We had been considering a
camper trailer for five years, but hesitated using the arguments
of “where will we store it” and “just how often will we use it”
as excuses for not spending the money. I am a cautious buyer and
do a lot of research, but when I finally did buy I bought on
eBay, sight unseen. A BIG risk and totally out of character for
me, but it paid off.
I had been watching the second hand market for several months
and had narrowed what we were after down to a few known brands.
I was very realistic about how the trailer would be used. We
were tourers and that meant the trailer would travel bitumen and
graded dirt roads. Trips to the outer regions (the Cape) would
be without trailer.
We had done the red centre (Strzelecki, Oodnadatta, Mereenie
Loop etc) pulling a garden variety box trailer with all the
bolts tack-welded on so they wouldn’t vibrate off and with a
realistic attitude to speeds (not over 80kph) we didn’t have any
issues. Shockies on the springs would have been a big advantage
over the corrugations.
We thought we knew what we wanted from a camper, but still
took the advice about borrowing/hiring before we made the
purchase. We borrowed a serious off-road camper with a tare
weight of 800 kg. It had done most of the challenging terrains
across Australia and had only broken the occasional spring.
After a week, we knew that pulling 1.2 tons behind the Pajero
was not our style.
We then hired a Johnno’s trailer that was called a “light off
road” and we were happy. It didn’t slow the car down much, had
the storage space and a quality tent. Its tare weight was 500
kg. Our needs are basic and we have always travelled light. This
was the class of trailer we wanted.
A very similar trailer to the Johnno’s is sold by 3 Dog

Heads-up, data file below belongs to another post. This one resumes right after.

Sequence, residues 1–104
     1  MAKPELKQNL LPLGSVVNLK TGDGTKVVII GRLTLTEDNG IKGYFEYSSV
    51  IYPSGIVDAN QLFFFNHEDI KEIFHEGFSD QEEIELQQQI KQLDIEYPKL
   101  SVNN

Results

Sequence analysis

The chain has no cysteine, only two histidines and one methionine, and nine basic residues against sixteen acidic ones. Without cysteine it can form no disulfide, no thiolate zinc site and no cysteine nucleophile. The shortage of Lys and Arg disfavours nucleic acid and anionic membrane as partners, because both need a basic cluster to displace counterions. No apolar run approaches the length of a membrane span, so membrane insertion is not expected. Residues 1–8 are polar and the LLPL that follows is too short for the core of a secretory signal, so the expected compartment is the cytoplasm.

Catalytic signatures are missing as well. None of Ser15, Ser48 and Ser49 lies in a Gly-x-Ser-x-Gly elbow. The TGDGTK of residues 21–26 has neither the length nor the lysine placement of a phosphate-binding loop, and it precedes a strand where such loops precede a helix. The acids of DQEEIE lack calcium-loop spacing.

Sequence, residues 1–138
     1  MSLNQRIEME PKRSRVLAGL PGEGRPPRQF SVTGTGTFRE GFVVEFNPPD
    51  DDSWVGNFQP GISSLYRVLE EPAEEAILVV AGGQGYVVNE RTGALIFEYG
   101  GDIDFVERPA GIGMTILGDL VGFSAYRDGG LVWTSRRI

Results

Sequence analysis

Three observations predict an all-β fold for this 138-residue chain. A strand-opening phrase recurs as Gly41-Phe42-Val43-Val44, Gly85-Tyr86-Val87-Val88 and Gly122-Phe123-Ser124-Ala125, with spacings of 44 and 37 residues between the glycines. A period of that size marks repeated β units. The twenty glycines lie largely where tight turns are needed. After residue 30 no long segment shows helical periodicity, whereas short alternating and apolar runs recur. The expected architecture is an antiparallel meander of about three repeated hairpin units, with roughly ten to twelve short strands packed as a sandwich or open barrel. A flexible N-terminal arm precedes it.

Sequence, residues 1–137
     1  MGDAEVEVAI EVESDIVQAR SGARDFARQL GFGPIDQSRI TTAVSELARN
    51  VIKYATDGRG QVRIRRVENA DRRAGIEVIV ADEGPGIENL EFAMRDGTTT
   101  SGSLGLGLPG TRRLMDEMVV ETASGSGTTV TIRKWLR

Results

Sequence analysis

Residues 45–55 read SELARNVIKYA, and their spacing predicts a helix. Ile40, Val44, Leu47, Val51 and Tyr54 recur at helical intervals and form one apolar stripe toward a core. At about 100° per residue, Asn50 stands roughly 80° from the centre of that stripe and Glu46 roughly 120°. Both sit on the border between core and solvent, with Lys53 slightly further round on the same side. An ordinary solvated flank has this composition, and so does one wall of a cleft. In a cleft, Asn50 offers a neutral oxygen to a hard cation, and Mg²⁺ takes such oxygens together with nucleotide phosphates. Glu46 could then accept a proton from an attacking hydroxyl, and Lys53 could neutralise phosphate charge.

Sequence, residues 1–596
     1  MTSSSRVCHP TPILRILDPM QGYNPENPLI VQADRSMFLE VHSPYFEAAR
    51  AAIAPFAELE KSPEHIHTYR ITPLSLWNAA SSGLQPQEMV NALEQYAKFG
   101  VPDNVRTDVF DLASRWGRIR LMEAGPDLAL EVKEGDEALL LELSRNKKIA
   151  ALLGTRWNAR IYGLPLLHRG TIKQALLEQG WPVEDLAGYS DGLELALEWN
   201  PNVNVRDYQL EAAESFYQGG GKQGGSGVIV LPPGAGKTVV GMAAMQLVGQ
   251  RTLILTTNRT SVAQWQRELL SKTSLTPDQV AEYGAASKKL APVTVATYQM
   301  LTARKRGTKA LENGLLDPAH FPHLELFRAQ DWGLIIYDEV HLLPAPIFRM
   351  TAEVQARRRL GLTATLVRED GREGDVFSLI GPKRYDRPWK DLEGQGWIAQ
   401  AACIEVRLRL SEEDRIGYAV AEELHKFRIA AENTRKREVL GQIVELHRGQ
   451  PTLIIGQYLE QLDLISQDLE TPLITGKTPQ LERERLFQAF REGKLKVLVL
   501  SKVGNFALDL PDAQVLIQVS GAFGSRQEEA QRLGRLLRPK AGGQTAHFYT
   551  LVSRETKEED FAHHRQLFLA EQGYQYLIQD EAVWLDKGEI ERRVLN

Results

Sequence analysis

Camping, Byron Bay. Friends rent from this company every year
when we go to Broken Head, NSW, and I was familiar with them so
when one came up on eBay I casually put in a bid. It was an
ex-rental, bought by a couple who did an around Australia trip
for a year. It had a quality tent with full awning, a Drifta
kitchen, water tank and was wired for 240v. I was the only
bidder, which was a bit of a concern and I have to admit, I was
worried. I thought I would be outbid so I didn’t do an
inspection, plus the trailer was a couple of hours drive away.
The next weekend we drove the 200 kilometres to collect it.
Other than needing new tyres, the camper was everything the
sellers said it was and the photos were honest representations
of the condition. Remembering that this camper had done a 12
month extended tour, yes of course it was stone chipped. I was
going to add gas bottle and jerry can holders, a centre draw bar
and put the spare tyre in a vertical position with extra
bracing, so it was always going to be repainted. The extras are
all added and we are very pleased with the outcome. The price,
with modifications, totalled $5000. Everyone loves a bargain!!
Well, I do anyway.
Our only regret was not buying a camper years ago. All those
road trips with the kids: the clumsy setting up and repacking
would have been so much simpler and maybe a little easier on
them if all we had to do was open the tent and pull out the
kitchen. My wife has always left the road-trip expeditions to me
to plan, but now she is reading my magazines and making lists of
places to visit. Yep, I should have bought one years ago.
My wife has always loved camping, but knowing that she will
always have a nice cup of coffee and a comfy bed, what ever the
weather, changed the frequency with which she wants to get away.
Also knowing that over night stops, when not raining, are a 10
minute setup has removed that mental barrier to road trips.
Month by month we are putting our own stone chips in the new
paint and I look forward to the day I have to repaint, because
it means we would have been to lots of places and enjoyed doing
what we like best – camping.
Thanks to Paul Murray for this article